“The findings in COMPASS reinforce the efficacy and safety of volanesorsen observed in Phase 2 studies across multiple patient populations, including FCS,” said Dr. Louis O’Dea, chief medical officer for Akcea. “No drug available today has demonstrated the magnitude of the triglyceride reductions observed with volanesorsen. These results confirm the potential value of targeting ApoC-III to lower triglycerides in patients who have high unmet need with potentially life-threatening consequences.”
The most common adverse event in the volanesorsen-treated group of patients was injection site reactions (ISRs), which were mostly mild. In this study with patients who are largely asymptomatic and, unlike FCS patients, do not need to manage the daily burden and symptoms of their disease, 13% of treated patients discontinued due to ISRs and 7% of treated patients discontinued treatment for other non-serious adverse events. There were no deaths in the study. None of the FCS patients in the study discontinued. In addition, there were no serious platelet events in the study. There was one potentially related SAE on the drug-treated arm. This was a report of serum sickness that occurred two weeks after the last study dose and resolved without treatment, and after thorough investigation the sponsor determined that the case was not likely caused by the drug.
Including COMPASS, four global trials form the Phase 3 program for volanesorsen. Akcea plans to have top-line data from the pivotal APPROACH study in patients with FCS in the first quarter of 2017. Akcea plans to have data from the pivotal BROADEN study in patients with FPL in 2019. Patients with FCS who have completed or meet the study criteria for the APPROACH and COMPASS studies can enroll in an open-label extension (APPROACH OLE) study. Patients in the BROADEN study are also eligible to roll over into an open-label extension study upon completing dosing in the pivotal study.
“The success of COMPASS represents an important milestone towards our planned regulatory filings for volanesorsen in the U.S., Europe and Canada in 2017,” said Paula Soteropoulos, president and chief executive officer of Akcea Therapeutics. “As we complete this and other ongoing preparatory regulatory and pre-commercial activities, we are gratified to see clinical data that support this therapy’s potential to help the patients who have shared with us the severe challenges and fear with which they live, and the life-changing benefit a new therapy could potentially represent.”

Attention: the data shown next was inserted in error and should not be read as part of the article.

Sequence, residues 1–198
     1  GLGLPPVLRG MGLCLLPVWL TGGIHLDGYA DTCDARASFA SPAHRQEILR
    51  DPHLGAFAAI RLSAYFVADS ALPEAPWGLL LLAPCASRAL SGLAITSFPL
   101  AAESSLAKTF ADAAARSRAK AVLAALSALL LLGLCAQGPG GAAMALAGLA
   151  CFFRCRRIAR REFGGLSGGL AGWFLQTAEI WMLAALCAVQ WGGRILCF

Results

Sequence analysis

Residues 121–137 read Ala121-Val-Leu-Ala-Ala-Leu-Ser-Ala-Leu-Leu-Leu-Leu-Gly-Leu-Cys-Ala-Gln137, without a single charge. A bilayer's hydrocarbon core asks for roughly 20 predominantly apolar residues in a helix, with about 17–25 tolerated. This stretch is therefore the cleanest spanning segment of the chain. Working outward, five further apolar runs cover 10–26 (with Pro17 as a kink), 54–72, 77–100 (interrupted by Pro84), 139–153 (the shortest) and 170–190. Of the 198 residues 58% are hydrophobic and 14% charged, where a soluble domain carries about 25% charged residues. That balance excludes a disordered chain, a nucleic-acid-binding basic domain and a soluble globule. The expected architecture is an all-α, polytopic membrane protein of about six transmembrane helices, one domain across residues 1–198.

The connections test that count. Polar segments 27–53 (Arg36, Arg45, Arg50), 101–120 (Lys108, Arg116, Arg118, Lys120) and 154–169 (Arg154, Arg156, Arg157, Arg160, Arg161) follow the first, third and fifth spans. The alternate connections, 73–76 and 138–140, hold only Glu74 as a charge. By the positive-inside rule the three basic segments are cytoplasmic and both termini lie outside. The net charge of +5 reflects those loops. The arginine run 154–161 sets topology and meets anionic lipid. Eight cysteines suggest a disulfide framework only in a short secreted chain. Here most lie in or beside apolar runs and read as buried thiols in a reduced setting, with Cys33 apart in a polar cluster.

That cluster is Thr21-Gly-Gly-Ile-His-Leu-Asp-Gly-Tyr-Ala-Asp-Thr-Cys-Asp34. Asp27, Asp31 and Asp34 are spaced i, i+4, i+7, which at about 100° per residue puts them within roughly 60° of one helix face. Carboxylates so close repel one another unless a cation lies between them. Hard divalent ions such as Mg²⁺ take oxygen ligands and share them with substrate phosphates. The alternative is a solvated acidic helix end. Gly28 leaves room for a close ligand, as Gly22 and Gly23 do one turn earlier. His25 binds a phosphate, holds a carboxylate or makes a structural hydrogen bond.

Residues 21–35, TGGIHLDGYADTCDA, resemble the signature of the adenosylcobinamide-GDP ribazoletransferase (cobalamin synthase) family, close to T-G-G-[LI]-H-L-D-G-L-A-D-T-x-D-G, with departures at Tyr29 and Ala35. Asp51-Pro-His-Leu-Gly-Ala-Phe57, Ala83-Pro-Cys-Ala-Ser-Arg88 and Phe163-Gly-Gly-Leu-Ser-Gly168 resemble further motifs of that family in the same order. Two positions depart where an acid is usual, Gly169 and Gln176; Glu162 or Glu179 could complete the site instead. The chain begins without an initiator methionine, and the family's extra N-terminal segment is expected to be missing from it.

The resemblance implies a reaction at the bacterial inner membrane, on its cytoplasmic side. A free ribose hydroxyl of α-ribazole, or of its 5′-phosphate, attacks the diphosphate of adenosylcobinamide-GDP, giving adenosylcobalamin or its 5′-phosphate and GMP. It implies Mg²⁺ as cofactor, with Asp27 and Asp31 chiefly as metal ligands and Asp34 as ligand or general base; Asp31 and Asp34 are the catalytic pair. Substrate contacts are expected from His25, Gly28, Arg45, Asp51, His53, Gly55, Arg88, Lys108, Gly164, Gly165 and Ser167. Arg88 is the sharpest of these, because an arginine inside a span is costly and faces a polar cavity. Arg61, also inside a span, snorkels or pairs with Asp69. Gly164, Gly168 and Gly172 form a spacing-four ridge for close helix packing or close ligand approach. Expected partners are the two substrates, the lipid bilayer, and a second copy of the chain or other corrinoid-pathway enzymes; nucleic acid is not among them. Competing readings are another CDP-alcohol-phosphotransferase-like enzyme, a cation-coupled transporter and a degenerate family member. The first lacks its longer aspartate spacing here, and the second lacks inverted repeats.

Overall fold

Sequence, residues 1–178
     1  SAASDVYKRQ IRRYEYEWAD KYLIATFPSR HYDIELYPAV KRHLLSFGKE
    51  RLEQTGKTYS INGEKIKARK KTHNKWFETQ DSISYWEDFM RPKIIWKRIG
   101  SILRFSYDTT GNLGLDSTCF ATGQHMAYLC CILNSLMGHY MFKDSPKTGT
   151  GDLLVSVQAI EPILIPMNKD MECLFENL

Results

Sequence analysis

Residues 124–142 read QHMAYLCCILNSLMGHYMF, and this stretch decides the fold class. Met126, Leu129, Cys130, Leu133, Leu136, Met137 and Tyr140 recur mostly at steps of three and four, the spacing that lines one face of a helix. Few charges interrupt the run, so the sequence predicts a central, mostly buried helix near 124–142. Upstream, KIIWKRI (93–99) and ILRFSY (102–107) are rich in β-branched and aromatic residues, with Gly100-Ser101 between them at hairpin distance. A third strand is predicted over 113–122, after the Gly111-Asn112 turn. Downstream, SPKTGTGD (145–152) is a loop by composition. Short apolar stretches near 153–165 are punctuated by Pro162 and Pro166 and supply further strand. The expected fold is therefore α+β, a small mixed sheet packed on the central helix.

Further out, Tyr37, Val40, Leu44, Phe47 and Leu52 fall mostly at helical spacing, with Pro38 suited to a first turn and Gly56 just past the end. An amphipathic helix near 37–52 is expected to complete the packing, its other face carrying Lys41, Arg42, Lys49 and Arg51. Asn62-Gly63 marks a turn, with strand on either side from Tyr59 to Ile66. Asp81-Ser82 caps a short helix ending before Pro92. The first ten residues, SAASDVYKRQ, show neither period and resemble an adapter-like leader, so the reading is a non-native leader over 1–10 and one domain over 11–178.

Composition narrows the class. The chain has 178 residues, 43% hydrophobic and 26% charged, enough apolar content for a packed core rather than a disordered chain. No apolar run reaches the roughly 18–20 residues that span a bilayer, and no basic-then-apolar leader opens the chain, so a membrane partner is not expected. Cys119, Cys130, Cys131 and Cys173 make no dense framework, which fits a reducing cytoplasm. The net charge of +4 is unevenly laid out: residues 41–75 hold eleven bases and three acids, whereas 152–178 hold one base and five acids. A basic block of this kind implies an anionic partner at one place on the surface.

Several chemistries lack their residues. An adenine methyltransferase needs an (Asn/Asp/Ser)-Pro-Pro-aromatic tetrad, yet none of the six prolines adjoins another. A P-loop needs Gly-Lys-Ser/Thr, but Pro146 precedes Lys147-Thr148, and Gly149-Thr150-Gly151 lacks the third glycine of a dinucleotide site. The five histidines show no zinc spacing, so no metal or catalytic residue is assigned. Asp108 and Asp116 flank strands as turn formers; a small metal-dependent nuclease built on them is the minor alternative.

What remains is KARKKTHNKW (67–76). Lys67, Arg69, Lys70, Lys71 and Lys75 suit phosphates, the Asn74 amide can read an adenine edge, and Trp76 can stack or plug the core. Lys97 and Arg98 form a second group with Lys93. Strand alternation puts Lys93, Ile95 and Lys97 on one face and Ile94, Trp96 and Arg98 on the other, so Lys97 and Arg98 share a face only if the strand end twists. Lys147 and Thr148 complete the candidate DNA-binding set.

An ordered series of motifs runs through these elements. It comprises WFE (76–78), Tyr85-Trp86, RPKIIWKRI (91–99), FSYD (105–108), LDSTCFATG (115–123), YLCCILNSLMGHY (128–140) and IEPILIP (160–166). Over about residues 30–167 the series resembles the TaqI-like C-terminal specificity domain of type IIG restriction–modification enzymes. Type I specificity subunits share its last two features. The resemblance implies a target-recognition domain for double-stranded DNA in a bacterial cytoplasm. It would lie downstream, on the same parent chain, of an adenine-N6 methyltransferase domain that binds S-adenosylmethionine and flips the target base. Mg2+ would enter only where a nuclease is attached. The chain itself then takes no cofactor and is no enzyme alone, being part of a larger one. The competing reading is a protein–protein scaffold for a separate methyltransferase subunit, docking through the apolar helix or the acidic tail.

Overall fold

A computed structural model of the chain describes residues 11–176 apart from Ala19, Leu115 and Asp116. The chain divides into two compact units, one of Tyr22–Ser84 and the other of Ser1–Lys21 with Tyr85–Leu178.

Shares of Ionis Pharmaceuticals closed last Friday at $49.30, down $0.35 or -0.70%. IONS has a 1-year high of $62.68 and a 1-year low of $19.59. The stock’s 50-day moving average is $41.85 and its 200-day moving average is $32.43.
On the ratings front, Ionis Pharmaceuticals has been the subject of a number of recent research reports. In a report issued on November 20, Leerink Swann analyst Paul Matteis reiterated a Hold rating on IONS. Separately, on November 14, Piper Jaffray’s Joshua Schimmer reiterated a Buy rating on the stock and has a price target of $51.
According to TipRanks.com, which ranks over 7,500 financial analysts and bloggers to gauge the performance of their past recommendations, Paul Matteis and Joshua Schimmer have a yearly average return of 8.7% and a loss of -5.7% respectively. Matteis has a success rate of 54% and is ranked #533 out of 4283 analysts, while Schimmer has a success rate of 40% and is ranked #4142.
Sentiment on the street is mostly bullish on IONS stock. Out of 8 analysts who cover the stock, 4 suggest a Buy rating , 3 suggest a Hold and one recommends to Sell the stock.
Ionis Pharmaceuticals, Inc. engages in the development and commercialization of antisense drug discovery. It operates its business through the Ionis Core and Akea Therapeutics segments. The Ionis Core segment involves a a novel drug discovery platform generate a broad pipeline of drugs. The Akea Therapeutics segment develops and commercializes drugs for cardiometabolic disorders.